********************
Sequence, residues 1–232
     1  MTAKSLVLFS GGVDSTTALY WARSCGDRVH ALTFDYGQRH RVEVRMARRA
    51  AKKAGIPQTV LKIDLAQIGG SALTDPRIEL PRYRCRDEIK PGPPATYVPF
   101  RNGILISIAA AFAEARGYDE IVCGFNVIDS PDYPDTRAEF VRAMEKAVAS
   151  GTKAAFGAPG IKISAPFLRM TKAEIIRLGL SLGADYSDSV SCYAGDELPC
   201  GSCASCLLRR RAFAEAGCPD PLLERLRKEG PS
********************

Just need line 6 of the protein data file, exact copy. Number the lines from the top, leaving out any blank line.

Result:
   201  GSCASCLLRR RAFAEAGCPD PLLERLRKEG PS